Underlying socio-political processes behind the 2016 US election. John Bryden and Eric Silverman (2019), PLOS ONE https://doi.org/10.1371/journal.pone.0214854
Recently we have witnessed a number of rapid shifts toward populism in the rhetoric and policies of major political parties, as exemplified in the 2016 Brexit Referendum, 2016 US Election, and 2017 UK General Election. Our perspective here is to focus on understanding the underlying societal processes behind these recent political shifts.
We use novel methods to study social dynamics behind the 2016 Presidential election. This is done by using network science methods to identify key groups associated with the US right-wing during the election. We investigate how the groups grew on Twitter, and how their associated accounts changed their following behaviour over time.
We find a new external faction of Trump supporters took a strong influence over the traditional Republican Party (GOP) base during the election campaign. The new group dominated the GOP group in terms of new members and endorsement via Twitter follows. Growth of new accounts for the GOP party all but collapsed during the campaign.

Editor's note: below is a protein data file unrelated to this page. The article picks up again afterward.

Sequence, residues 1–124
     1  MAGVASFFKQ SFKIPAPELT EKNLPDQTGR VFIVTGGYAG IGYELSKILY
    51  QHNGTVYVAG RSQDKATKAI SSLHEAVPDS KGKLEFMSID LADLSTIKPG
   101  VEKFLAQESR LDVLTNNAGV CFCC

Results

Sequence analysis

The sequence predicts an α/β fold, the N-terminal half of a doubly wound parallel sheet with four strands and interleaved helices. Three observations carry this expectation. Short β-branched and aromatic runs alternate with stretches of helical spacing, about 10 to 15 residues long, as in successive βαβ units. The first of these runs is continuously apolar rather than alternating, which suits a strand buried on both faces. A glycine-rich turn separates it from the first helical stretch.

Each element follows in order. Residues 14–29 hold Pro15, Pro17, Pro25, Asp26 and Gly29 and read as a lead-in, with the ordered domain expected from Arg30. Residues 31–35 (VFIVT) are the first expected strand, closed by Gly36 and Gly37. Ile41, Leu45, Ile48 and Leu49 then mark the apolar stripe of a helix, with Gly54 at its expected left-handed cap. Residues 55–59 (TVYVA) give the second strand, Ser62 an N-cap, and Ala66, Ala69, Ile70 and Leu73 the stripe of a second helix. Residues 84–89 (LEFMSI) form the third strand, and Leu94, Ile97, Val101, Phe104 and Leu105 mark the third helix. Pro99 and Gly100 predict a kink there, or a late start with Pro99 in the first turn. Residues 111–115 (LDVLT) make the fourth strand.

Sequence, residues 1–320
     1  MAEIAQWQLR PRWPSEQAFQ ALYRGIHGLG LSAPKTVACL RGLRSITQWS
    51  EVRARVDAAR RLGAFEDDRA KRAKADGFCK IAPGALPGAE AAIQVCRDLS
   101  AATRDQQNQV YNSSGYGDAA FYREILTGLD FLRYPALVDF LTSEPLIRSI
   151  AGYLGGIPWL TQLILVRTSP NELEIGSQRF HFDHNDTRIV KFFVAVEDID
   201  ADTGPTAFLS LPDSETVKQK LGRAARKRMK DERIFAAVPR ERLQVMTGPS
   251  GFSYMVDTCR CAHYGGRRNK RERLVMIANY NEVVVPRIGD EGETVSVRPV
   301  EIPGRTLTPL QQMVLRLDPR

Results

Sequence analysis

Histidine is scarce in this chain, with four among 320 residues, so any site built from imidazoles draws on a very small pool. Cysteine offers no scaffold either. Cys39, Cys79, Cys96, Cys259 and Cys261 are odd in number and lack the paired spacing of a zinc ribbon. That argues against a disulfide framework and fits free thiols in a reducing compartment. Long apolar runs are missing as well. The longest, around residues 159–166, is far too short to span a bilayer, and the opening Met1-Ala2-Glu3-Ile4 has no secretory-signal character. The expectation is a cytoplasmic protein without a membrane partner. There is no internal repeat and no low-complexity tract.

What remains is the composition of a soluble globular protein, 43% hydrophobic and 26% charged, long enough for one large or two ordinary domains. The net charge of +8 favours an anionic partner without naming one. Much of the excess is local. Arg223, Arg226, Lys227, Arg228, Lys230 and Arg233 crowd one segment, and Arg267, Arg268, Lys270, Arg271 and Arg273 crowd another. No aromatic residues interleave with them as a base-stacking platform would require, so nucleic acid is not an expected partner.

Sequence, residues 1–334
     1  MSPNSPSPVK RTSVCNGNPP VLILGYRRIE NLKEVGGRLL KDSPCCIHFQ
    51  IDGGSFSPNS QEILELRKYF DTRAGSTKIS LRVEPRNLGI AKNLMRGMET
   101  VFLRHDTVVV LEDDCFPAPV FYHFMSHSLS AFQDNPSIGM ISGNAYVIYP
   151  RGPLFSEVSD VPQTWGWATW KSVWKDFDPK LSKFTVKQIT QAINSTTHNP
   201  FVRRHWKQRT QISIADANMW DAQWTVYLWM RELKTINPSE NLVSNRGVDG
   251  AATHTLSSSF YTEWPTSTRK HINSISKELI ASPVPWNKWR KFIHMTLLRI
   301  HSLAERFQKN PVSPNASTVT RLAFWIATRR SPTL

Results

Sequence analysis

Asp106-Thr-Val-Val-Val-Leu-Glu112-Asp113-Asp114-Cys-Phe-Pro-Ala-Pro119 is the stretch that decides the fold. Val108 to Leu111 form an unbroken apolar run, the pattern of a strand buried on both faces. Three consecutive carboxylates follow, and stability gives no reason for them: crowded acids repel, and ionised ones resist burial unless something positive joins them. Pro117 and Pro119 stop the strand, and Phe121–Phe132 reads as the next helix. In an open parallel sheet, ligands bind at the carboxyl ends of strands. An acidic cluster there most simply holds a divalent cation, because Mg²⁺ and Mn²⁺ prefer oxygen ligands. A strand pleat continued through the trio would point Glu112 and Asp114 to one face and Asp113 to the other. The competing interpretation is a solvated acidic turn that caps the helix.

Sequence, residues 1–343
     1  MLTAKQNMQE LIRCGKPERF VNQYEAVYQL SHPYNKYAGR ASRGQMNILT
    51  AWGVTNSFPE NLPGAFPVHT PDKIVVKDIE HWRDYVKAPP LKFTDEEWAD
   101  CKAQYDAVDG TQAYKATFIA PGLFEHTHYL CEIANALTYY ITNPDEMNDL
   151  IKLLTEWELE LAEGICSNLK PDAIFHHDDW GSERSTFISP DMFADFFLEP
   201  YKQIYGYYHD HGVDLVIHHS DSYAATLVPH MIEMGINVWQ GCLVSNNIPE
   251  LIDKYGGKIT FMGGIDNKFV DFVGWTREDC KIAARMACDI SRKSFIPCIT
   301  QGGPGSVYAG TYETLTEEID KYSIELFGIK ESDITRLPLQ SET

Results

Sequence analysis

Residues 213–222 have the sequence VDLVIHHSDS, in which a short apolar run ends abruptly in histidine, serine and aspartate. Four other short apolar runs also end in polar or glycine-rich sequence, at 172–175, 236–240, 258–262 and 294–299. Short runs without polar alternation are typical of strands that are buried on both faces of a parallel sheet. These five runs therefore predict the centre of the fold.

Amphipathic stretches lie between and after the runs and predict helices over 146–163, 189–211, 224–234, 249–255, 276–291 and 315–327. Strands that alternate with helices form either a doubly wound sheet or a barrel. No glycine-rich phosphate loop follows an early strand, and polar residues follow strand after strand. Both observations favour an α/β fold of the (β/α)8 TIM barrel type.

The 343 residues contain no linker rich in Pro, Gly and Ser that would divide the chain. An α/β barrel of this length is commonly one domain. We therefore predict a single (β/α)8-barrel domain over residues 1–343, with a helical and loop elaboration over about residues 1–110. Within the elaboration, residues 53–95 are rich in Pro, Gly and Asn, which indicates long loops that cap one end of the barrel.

While the Alt-right group was growing exponentially, it has remained relatively isolated. Counter to the mainstream view, we detected an unexpectedly low number of automated ‘bot’ accounts and accounts associated with foreign intervention in the Trump-supporting group. Our work demonstrates a powerful method for tracking the evolution of societal groups and reveals complex social processes behind political changes.